A History of St. Andrew`s Church, Charmouth

Click on image or on Home to return back.

Displaced, Upright Curved Top.
In Memory of/ROBERT DAVEY/A respectable inhabitant of this place/who died the 8 th May 1803/aged 50 years/Also/REBECCA DAVEY his wife/who died the 7 th of July 1796/aged 39 years.

Displaced Upright, Rounded Top.
Sacred/to the memory of/JOHN DAVEY/who departed this life/l st May 1835/aged 88 years.
To the memory of Benjamin late of David. Elixabeth Davey of this parish who was shipwrecked on Board the Balona Private Ship of War on the 5th Day of Septembet 1779 aged ... Years
On this day 1st May 1835 John Davey died and was apparently buried in the same grave as the same stone was used. The latter was teshaped, wherby partly destroying the previous lettering, turned round and John's name cut in the revers side.
John was 88 when he died but Benjaimn age is difficult to decipher. The registers give little or no information about this family or where and how Benjamin was shipwrecked. Could be Bayonne class of ship

.Another Tomb, which is placed with others against the wall off The Elms garage, is unusual. On it is inscribed - In Memory of Benin. late of David .Elizabeth Davey of this parish who was ship wracked on Board the Balona ,Private ship of War on the 5th Day of Sept 1779 aged years.
On the 1st. May 1835 John Davey died and was apparently buried in the same grave, as the same stone was used and reshaped, whereby partly destroying the previous lettering, John's name was cut on the reverse side. The registers give little or no information about the family or how and where Benjamin was "shipwracked"
Robert Davey`s Will 1803

bout Riches and Honor 1779
This recruitment advertisement is for a privateering crew aboard the  Revenge  as it appeared in the Nova Scotia Gazette on January 12, 1779. At that time Nova Scotia, Canada was a territory of the British Crown and a major port where the powerful British fleet was stationed.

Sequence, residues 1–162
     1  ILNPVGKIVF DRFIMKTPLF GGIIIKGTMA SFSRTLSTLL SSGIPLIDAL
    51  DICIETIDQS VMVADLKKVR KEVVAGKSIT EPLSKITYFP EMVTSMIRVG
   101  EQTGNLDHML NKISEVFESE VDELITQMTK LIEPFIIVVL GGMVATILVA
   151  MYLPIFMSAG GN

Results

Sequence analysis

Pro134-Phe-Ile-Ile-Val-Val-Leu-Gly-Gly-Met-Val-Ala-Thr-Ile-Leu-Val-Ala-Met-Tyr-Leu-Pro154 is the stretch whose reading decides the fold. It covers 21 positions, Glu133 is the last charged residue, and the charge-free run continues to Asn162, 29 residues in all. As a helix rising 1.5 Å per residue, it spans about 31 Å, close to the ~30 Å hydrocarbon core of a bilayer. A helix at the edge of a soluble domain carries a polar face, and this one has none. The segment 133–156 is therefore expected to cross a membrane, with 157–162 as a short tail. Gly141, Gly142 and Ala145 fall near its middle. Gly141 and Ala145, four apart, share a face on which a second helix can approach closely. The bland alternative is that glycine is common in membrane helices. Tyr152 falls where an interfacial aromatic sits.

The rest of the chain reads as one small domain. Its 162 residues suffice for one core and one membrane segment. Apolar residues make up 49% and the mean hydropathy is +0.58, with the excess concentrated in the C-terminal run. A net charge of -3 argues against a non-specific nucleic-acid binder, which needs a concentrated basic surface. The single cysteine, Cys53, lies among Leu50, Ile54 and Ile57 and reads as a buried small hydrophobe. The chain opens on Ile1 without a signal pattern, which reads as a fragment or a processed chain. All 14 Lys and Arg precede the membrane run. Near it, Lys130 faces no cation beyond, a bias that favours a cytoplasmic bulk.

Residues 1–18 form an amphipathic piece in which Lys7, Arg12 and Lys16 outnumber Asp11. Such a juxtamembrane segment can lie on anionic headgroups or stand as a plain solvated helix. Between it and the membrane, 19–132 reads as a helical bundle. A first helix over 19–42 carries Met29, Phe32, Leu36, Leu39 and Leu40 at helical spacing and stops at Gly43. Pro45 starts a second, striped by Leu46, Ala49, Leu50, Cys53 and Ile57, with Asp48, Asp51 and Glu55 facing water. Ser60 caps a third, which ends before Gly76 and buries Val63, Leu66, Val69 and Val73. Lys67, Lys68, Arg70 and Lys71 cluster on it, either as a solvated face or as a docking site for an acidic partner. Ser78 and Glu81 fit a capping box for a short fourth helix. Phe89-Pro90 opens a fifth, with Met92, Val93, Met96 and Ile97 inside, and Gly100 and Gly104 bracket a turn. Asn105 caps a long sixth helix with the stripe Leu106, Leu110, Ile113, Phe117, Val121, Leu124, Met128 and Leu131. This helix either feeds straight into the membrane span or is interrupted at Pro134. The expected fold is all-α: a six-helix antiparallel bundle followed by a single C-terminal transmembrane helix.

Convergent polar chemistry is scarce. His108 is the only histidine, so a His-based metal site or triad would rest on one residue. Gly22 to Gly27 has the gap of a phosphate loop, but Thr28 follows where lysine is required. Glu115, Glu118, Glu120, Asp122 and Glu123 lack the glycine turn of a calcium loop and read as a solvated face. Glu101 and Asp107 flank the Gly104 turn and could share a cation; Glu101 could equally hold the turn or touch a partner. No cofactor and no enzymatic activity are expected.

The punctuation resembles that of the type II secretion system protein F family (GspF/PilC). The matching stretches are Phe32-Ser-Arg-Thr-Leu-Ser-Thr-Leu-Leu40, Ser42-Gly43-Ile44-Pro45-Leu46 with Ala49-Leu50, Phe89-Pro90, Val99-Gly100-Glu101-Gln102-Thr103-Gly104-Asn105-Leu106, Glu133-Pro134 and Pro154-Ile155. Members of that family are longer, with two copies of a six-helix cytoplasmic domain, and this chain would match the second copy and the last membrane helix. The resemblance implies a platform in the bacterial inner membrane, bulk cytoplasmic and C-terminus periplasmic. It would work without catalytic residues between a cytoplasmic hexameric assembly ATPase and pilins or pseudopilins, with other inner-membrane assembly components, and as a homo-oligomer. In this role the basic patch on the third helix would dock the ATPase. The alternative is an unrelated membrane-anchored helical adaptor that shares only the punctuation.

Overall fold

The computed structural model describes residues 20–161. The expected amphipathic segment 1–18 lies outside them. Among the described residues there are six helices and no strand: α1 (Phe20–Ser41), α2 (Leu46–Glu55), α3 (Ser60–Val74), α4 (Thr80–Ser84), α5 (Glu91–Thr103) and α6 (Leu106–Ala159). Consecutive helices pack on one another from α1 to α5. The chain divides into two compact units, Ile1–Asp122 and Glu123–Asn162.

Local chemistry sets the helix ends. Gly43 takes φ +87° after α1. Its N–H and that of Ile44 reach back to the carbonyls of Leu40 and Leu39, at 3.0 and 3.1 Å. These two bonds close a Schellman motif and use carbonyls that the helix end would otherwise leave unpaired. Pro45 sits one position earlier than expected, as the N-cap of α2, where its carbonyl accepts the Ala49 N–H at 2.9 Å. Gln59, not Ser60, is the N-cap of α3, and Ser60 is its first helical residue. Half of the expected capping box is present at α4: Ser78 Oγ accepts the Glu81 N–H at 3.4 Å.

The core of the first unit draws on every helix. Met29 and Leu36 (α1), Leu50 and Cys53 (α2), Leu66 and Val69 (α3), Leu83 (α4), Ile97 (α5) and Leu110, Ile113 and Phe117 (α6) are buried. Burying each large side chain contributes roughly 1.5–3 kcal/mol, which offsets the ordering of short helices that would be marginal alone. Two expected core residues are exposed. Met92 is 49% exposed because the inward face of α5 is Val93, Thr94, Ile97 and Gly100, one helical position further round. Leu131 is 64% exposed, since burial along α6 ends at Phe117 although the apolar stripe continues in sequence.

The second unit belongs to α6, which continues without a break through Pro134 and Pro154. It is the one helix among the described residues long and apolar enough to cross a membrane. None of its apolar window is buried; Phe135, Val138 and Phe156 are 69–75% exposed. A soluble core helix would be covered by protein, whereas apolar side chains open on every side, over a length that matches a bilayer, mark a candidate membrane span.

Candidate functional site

This advertisement for crew is for a privateering expedition to the southward with the intention of capturing French ships and their booty. The British government issued letters of marque to these private war ships to hunt down the Empire's enemies. The Revenge was different than a pirate ship because it sailed under a Letter of Marque which is a license that allowed them to arm a private warship and seek out the King's enemies. They could not capture ships that were friendly with England.

In 1779 the wharves and docks were rife with all kinds of sailors looking for a chance to climb out of their deep poverty by signing on to one of the numerous Privateers in the harbor. While the Naval fleet was in port these sailors were trying to hide from the numerous English press gangs that were forcibly taking any able-bodied man to fill their ships. There was no chance at all for riches in the Navy–only harsh discipline and suffering. A sailor's' only hope of riches was to crew aboard a privateer or turn pirate. This advertisement most likely appeared just after the British fleet had sailed to reclaim their breakaway American colonies that had recently declared independence. olden times, kingdoms and governments did not have navies. They would license private warships (privateers) to capture their enemies' shipping and goods. These licenses were called Letters of Marque. Without one you were a pirate and would hang.

Charmouth manor house for sale In 1803
To be sold, the Fee- Simple and Inheritance of a large Dwelling House, Garden and Orchard, late the property of Mr. Robert Davies,Builder, deceased, situated in Charmouth aforesaid, consisting of a Hall, a Parlour, Kitchens,Cellars, Pantries, and other conveniences on the ground floor,five principal and sundry Servants Bed Chambers,Closets,etc.on the one pair stairs and attic storey.the premises are situated in the centre of the village, and command a view of the sea.Length of front 77 feet by 330 feet deep, were formerly the Manor House, and calculated for the permanent or temporary residence of a Genteel family, or may be converted to form one of the first Inns on the Western Road. The House having been under improvements and repairs by the Proprietor at his late decease. Charmouth from its Southern Aspect and Local situation, is one of the most delightful villages in England, about half a mile from sea bathing. The Mail and other coaches pass through it every day, Distance about 2 miles from Lyme Regis, 5 from Axminster and 7 from Bridport. For the above sale, an auction will be held by John Hutchins, at the Mail Coach Inn in Charmouth on Thursday June 30th instant at 4 o'clock in the afternoon. For viewing apply at the house, and further particulars to Mr. John Ridges in Charmouth, or the Auctioneer at the Golden Lion, Lyme - Letters must be post-paid.
N.B. Immediate possession of the premises may be had.
And on Thursday July 7th, and following days will be sold by auction without Reserve.- All the general assortment of good and useful Household Furniture, together with all the Stock and Trade of the late Mr. Davies, consisting of sundry Lots of Oak, Ash, and Deal, Carpenters and Joiners Tools, Etc. charmouth, June 9th, 1803.